By Kathleen Hennessey, Tribune Washington Bureau –
WASHINGTON — Speaking to the families of dead soldiers, Vice President Joe Biden on Friday delivered an emotional retelling of his own family tragedy, the death of his wife and daughter in a car crash 40 years ago, saying the experience helped him understand why people commit suicide.
Biden said the shock and pain of the deaths in 1972, shortly after he was first elected to the Senate, was a “black hole you feel in your chest, like you’re being sucked back into it.”
“It was the first time in my career, my life, I realized someone could go out — and I probably shouldn’t say this with the press here, but — no, but it’s more important. You’re more important. For the first time in my life I understood how someone could consciously decide to commit suicide,” Biden said. “Not because they were deranged, not because they were nuts; because they’d been to the top of the mountain and they just knew in their heart they’d never get there again, that it was never going to be that way ever again. That’s how an awful lot of you feel.”
Biden addressed a group associated with the Tragedy Assistance Program for Survivors, a national nonprofit that supports friends and family of service members killed in action.
The vice president has previously spoken about the accident, although he rarely describes the emotional aftermath in such detail. The vice president described how he heard the news while in Washington.
“I was down in Washington hiring my staff, and I got a phone call saying that my family had been in an accident. And just like you guys know by the tone of a phone call — you just knew, didn’t you? You knew when they walked up the path. You knew when the call came. You knew. You just felt it in your bones something bad happened,” Biden said.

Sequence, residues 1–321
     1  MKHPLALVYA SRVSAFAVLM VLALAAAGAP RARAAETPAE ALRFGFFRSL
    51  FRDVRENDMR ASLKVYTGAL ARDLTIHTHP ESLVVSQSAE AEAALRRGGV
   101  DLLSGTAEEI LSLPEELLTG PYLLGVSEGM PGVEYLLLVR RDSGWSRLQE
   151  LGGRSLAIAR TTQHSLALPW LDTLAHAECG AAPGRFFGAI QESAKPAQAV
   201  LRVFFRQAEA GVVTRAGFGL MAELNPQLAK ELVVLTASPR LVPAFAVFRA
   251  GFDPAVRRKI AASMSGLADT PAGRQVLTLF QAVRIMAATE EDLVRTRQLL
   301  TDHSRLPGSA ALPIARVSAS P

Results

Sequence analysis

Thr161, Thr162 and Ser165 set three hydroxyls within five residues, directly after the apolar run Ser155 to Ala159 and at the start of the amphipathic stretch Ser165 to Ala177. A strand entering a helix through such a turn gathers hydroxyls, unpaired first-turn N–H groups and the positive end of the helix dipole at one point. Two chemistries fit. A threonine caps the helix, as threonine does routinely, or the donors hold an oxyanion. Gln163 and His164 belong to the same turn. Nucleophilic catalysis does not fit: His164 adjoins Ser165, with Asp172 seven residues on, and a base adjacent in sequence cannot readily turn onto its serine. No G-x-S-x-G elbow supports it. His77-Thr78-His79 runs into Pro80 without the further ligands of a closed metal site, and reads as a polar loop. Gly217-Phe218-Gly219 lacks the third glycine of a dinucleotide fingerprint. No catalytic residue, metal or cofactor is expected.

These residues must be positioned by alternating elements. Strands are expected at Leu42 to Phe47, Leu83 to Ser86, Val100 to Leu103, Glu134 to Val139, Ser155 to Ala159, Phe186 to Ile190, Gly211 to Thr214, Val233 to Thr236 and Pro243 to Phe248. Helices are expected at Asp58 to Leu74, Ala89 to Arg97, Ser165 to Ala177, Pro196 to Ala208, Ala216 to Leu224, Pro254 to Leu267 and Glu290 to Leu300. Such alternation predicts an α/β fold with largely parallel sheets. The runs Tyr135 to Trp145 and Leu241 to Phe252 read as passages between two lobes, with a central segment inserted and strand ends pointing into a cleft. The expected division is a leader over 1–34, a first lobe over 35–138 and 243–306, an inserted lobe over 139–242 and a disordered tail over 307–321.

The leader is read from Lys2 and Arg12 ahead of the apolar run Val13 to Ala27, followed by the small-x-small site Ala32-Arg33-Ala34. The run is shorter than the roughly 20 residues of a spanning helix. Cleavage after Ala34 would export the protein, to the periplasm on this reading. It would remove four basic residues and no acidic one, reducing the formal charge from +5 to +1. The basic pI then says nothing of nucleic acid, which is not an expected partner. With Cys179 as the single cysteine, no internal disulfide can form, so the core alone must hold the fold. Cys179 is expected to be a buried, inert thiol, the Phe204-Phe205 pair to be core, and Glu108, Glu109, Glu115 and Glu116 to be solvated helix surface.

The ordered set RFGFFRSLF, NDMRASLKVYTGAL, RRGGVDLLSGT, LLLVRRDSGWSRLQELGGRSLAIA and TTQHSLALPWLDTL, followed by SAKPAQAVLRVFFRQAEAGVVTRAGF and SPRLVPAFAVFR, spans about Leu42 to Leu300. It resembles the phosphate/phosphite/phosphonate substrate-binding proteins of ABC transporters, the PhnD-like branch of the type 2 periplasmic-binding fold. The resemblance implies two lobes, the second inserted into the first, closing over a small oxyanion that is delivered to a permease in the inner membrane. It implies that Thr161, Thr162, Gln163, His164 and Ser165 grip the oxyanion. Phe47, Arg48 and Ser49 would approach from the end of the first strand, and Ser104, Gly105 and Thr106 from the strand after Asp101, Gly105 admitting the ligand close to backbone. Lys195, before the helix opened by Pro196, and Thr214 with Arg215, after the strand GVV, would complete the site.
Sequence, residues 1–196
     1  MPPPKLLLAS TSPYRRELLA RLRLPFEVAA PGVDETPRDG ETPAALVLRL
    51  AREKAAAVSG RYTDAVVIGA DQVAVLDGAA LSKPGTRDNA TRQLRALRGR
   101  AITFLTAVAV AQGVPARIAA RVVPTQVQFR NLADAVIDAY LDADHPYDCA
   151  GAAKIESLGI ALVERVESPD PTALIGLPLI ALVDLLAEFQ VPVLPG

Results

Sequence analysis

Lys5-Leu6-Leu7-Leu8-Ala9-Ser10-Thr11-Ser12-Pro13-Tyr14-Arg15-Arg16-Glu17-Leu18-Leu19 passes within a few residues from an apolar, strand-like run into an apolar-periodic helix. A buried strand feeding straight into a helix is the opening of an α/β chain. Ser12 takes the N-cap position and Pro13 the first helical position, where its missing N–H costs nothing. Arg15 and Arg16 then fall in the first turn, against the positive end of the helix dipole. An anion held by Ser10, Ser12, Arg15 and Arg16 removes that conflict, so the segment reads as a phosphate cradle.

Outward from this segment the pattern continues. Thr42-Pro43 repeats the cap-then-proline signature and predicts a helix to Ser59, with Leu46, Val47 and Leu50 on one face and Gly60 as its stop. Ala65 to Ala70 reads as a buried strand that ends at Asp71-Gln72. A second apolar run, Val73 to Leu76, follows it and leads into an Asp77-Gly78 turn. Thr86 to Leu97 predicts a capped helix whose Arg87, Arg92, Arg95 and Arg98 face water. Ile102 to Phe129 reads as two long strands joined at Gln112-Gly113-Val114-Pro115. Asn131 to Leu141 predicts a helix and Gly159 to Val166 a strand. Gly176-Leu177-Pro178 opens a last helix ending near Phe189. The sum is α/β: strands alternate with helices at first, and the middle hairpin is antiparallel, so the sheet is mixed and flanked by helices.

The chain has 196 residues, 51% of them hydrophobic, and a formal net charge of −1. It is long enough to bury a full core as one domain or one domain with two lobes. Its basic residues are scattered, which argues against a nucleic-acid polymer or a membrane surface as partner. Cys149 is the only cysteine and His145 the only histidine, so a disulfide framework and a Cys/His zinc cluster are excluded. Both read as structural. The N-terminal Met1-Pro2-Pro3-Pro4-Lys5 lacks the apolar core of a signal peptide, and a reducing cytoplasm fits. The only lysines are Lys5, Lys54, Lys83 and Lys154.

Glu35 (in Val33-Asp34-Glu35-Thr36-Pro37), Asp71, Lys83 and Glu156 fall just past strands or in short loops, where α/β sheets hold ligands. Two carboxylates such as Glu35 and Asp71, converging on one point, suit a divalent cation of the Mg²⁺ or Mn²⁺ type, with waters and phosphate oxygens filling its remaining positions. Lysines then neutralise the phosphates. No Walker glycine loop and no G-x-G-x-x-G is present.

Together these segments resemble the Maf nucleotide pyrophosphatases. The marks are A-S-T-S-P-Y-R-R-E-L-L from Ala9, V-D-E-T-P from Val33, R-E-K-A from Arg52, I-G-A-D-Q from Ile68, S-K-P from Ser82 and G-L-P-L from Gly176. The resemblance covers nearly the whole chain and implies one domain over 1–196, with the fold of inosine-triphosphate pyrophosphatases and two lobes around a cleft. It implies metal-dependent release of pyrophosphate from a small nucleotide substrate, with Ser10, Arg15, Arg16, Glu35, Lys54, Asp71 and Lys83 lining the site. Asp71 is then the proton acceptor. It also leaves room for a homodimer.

“And I knew. I don’t know how I knew. But the call said my wife was dead, my daughter was dead, and I wasn’t sure how my sons were going to make it. They were Christmas shopping, and a tractor trailer broadsided them and in one instant killed two of them and — well.”
Biden, a practicing Catholic, said he was so angry he cried out in the Capitol. “I remember being in the Rotunda, walking through to get to the plane to get home, to get to identify the — anyway. But I remember looking up and saying, ‘God!’ It was if I was talking to God myself: ‘You can’t be good! How can you be good?’”
Biden said he was pulled out of his grief with the help of his mother, his sister and, eventually, his second wife, Jill Biden, whom he married five years later. “This woman literally saved my life,” he said.
“There will come a day, I promise you, and your parents as well, when the thought of your son or daughter or your husband or wife brings a smile to your lips before it brings a tear to your eye. It will happen,” he said. “My prayer for you is that day will come sooner or later. But the only thing I have more experience than you in is this: I’m telling you it will come.”